So, I hope this short bit of feedback gives you a better understanding of the issues that your employer will face. We would be glad to discuss further with you and your employer.

Total Mobility Law is an international law firm that lets companies do global business with the knowledge and confidence they need to comply in any country. Our answers on this site do not constitute legal advice, nor do they establish an attorney-client relationship. The only thing that can do that is a signed Engagement Letter and Fee Agreement, which you can get by contacting us through www.totalmobilitylaw.com.

Daniel P. Harris

Daniel P. Harris

Posted

Todd is absolutely right to raise these various issues that the other attorneys have ignored. I am not familiar with the laws of Columbia, but I am familiar with the laws of China and if this employer were my client and the country at issue were China, I would tell them "not in a million years." Because if this were China, for them to be legal in China, they would need to form a company there (figure on this costing at least $15,000), fund that company in an amount required by law (figure on at least another $20,000 for this), have a mandatory written employment agreement and employee manual (both must be in Chinese so figure on another $7500 or so) and then they need to pay China corporate taxes and China employment taxes (those are typically around 40% of someone's salary). Then add on the newly created need for an international accountant and lawyer and the one employee is likely to add around $100,000 in expenditures the first year and something not all that much less than that the second year. So as Todd so ably pointed out, it is not likely going to be a simple matter of your just working from your home.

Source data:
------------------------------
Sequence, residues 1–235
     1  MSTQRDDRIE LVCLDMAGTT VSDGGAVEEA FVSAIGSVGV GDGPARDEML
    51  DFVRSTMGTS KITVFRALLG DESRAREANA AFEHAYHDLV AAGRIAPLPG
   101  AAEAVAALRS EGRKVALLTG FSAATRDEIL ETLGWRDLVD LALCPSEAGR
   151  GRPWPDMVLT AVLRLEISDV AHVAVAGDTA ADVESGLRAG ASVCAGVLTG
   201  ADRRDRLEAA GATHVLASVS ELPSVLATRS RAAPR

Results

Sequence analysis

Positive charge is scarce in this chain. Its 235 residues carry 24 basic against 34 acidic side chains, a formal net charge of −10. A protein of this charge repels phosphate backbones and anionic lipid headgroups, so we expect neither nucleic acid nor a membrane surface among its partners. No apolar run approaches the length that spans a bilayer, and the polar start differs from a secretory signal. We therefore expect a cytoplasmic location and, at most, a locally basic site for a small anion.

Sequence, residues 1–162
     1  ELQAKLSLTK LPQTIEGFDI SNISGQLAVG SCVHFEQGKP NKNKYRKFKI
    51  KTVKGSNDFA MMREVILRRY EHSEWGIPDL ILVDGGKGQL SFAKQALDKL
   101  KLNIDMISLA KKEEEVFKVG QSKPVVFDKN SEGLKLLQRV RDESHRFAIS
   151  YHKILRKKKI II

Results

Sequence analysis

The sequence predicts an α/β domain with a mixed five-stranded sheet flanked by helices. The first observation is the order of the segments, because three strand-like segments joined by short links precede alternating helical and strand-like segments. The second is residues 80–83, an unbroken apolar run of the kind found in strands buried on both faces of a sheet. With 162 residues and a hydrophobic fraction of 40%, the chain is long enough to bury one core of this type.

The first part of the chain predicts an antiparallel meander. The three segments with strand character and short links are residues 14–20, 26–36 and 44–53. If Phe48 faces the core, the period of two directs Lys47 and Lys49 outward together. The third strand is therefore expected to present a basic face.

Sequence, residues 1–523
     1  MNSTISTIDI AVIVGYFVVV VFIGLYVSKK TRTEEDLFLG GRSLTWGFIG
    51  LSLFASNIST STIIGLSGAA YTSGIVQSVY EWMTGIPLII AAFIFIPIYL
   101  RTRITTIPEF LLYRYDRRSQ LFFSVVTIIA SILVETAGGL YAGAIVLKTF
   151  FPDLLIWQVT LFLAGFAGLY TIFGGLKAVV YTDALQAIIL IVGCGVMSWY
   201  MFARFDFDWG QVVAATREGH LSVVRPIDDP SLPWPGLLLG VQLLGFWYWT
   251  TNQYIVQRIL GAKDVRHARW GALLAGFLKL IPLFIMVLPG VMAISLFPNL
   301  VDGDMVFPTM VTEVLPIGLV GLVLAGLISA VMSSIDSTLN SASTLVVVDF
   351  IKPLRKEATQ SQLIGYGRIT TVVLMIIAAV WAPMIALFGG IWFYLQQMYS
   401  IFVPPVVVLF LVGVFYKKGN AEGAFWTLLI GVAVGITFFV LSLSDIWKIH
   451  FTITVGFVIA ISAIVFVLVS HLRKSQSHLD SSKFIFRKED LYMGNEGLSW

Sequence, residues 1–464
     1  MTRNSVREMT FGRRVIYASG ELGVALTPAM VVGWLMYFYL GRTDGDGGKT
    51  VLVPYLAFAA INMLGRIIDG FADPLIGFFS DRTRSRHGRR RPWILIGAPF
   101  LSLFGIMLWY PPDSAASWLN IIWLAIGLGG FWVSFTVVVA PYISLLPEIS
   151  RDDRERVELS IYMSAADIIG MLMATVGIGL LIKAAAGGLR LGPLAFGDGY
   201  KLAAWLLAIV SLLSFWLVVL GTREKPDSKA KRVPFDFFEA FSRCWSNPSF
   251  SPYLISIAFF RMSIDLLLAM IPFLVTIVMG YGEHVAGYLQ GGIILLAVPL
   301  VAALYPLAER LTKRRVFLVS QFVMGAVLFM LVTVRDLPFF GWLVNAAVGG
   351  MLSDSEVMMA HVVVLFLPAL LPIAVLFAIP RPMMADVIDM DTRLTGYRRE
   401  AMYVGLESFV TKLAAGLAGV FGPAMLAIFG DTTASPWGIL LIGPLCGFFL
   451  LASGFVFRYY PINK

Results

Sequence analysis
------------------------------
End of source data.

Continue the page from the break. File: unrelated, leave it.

Posted

Your naturalization or citizenship will not change. Working from Colombia may have other implications that are relevant for your employer/company. The legal repercussions are mainly in Colombia and some in the US. However, your employer needs to hire an international firm with links in Colombia. Our firm has the possibility to reach colleagues in Colombia. Good luck.

This reply is offered for educational purpose only. You should seek the advice of an attorney. The response given is not intended to create, nor does it create an ongoing duty to respond to questions. The response does not form an attorney-client relationship, nor is it intended to be anything other than an educated opinion of the author. It should not be relied upon as legal advice. The response given is based upon the limited facts provided by the undisclosed individual asking the question. To the extent additional or different facts exist, the response might possibly change. Attorney is licensed to practice law only in the State of New York. Responses are based solely on New York Law unless stated otherwise. Pursuant to Internal Revenue Service guidance, be advised that any federal tax advice contained in this written or electronic communication is not intended or written to be used and it cannot be used by any person or entity for the purpose of (i) avoiding any tax penalties that may be imposed by the Internal Revenue Service or any other U.S. Federal taxing authority or agency or (ii) promoting, marketing or recommending to another party any transaction or matter addressed herein.